The fall 2020 semester: what we know and what we need

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David Budnick/The Muhlenberg Weekly

The French poet and journalist Antoine de Saint-Exupéry once famously stated: “What makes a desert beautiful is that somewhere it hides a well.”

In this barren, mid-quarantine world, a broadly lingering question on the minds of so many Americans as the world has grown accustomed to this seemingly endless, restrictive lifestyle, is a desperate wondering as to when and how life will return to its prior state of normalcy.

As the community of Muhlenberg College and the national communities of higher learning institutes reflect on the cherished time of learning and growing on campuses, the concept of what our home-away-from-home will look and feel like in the future radiates uncertainty. Can anyone truly know the answers definitively at this point in time? What are the steps that we, as students, must follow to eventually ensure the safety of such a high volume of faculty, staff and students confined in the space of a few short blocks?

Though doubt spreads like wildfire, President Harring and Dean Gulati, amongst others involved in the college’s administrative team, have been in close contact with students, families and informatively within the faculty network to ease the challenge of this trivial time. The Dean of Students ensures the Muhlenberg Weekly that the goal is furthermore to make certain that people remain as informed as possible within an appropriate time frame, and that the college is building a communication model raised specifically within a pool of integrity and interpersonal values.

“I wish I had some superpower to look into the future and give students an answer…give my staff an answer…give our prospective students and their families a definite answer,” explains Gulati. “I believe in being as transparent as possible, so the most transparent I can be is to say that the senior staff of the College, under President Harring’s leadership is doing as much due diligence as possible to review factual, epidemiological-based information and to talk to unbiased, expert sources to inform our planning and decision making.”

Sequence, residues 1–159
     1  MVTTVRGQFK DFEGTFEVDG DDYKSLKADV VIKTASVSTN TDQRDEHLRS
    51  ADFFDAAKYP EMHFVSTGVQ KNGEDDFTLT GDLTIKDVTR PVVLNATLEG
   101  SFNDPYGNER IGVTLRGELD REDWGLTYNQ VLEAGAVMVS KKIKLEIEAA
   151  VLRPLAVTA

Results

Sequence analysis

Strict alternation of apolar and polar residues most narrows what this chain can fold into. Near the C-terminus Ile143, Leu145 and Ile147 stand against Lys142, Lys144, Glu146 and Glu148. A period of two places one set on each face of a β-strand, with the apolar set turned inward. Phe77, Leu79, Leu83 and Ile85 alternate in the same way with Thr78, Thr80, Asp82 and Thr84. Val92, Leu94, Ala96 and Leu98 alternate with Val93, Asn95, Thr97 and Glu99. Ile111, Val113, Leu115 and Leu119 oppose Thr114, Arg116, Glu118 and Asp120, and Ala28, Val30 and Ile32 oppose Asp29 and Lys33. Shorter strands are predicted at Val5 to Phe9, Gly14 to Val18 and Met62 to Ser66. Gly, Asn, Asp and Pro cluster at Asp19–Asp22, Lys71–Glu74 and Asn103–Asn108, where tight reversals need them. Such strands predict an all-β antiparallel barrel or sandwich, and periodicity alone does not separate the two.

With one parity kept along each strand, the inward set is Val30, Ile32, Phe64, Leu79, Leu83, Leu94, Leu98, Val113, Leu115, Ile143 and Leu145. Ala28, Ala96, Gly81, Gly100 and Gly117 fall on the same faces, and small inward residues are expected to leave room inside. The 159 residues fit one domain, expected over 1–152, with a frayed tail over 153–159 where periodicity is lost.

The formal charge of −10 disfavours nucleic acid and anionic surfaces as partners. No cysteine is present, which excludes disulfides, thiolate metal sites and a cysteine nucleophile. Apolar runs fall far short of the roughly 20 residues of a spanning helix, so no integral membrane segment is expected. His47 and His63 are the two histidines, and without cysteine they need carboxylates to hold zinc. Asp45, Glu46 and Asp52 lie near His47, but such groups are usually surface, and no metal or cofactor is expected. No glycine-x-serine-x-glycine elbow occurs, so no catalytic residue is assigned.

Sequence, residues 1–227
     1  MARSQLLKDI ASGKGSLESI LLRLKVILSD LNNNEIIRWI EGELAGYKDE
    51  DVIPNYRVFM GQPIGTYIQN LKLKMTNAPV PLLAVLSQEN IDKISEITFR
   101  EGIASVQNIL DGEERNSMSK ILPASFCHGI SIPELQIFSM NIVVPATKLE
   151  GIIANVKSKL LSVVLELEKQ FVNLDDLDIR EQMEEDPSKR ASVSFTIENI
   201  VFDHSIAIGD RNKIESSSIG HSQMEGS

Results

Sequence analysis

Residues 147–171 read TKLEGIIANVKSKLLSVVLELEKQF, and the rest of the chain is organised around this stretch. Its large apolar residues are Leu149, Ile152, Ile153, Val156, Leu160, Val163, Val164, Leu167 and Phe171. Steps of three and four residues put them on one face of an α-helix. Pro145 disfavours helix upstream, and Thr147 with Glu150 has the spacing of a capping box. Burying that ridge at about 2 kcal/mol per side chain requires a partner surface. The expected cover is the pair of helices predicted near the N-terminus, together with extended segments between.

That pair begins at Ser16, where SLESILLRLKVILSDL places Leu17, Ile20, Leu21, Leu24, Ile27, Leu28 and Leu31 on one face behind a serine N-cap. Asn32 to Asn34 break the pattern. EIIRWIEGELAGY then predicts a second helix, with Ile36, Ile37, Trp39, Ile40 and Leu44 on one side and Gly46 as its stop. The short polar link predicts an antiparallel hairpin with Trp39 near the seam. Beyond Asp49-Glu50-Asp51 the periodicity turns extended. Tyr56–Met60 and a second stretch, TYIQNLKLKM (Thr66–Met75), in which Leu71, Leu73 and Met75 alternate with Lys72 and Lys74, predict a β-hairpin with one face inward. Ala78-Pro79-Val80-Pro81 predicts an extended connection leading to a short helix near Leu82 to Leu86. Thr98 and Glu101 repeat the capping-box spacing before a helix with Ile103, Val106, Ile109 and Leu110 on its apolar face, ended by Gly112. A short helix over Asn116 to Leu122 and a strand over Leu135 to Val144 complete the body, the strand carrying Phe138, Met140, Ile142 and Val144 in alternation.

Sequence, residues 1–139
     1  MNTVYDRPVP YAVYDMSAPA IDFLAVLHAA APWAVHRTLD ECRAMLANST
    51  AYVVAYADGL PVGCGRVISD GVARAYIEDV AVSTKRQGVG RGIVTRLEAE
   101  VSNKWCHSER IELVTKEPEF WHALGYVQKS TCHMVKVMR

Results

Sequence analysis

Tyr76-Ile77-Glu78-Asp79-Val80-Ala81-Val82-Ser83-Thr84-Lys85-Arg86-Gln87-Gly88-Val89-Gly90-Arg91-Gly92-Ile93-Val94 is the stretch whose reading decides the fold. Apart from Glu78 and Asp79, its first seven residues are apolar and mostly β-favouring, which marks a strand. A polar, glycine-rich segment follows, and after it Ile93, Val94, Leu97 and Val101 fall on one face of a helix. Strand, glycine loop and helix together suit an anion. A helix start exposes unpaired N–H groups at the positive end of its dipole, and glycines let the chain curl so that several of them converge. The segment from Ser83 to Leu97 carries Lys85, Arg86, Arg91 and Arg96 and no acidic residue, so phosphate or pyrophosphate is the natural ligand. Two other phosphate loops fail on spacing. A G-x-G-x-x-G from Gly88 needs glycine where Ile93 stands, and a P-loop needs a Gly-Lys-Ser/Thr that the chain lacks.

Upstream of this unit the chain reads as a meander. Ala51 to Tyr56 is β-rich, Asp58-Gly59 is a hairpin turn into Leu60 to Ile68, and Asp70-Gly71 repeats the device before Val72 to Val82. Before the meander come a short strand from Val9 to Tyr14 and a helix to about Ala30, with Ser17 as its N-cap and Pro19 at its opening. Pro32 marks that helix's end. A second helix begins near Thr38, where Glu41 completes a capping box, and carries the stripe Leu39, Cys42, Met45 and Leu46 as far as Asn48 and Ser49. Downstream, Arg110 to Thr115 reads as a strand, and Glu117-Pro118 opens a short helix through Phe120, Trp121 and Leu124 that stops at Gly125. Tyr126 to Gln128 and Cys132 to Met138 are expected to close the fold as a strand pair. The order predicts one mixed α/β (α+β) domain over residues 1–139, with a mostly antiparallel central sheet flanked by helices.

Dean Gulati goes on to discuss that hope is the current binding that keeps the community forged together, and that it is indeed the enduring hope of the senior staff to reopen Muhlenberg for the fall semester. However, with the state of the nation abruptly and abrasively changing at a moment’s notice, she affirms the college’s stance of malleability and constant willingness to be flexible, and adapt to the unstable wavelengths of the crisis. President Harring explored the specifics of  the options currently open to the educational system, and has worked with her colleagues to divide the plan into several potential solutions based on a number of variable exterior factors.

“In terms of the fall semester, we are in the midst of planning for a variety of scenarios given the current public health projections on the trajectories that the COVID-19 pandemic could take.” states Harring. “Many other colleges and universities across the country are doing the same type of planning.  We hope we can return to campus in the fall with some level of normalcy but we need to develop contingency plans for a fall semester with social distancing guidelines in place or one that starts with remote learning for the first half of the semester or for the entire semester.”

To students wondering precisely what the future holds for them, the major theme emanated from the words of the administrative team was that a keen grip on perseverance is the key to success during the uncertainty of the COVID-19 outbreak.

“I would say, “Holdfast…holdfast to your loved ones, to your health, and to all the things you hold dear.  Holdfast to Muhlenberg College – the bonds you have forged, the relationships you have built, the knowledge and experience you have gained, the memories you have made and will make in the future on our campus,” says Gulati. “None of this is what we planned and we are living in absolutely unprecedented times. You have lost much, have had to adapt in ways that we would never have wished upon you, but you are strong and together, we are MULESTRONG. We are growing through this pain, heartache, and complexity in ways that will forever shape our ability to lead, nurture and transform our families, communities and professional pursuits.  Muhlenberg stands with you and we promise to keep this community and everyone in it at the forefront of our planning and decision making and we will work our hardest to have our community back on campus as quickly as we safely can.  And for however long we must remain remote, be it the rest of this semester and summer or beyond, we will work our very hardest to keep our community connected, cared for and to offer everyone the very best remote learning experience possible.”

Antoine de Saint-Exupéry seems to have weaved exactly the underlying idea of what Muhlenberg’s response is conveying; No matter how desolate this moment in time may seem, and even in spite of the hardships staring the world in the face every single day of this monotonous, dystopian cycle, the small shreds of hope do exist, and they alone have the power to ignite the sparks of a future worth waiting for.

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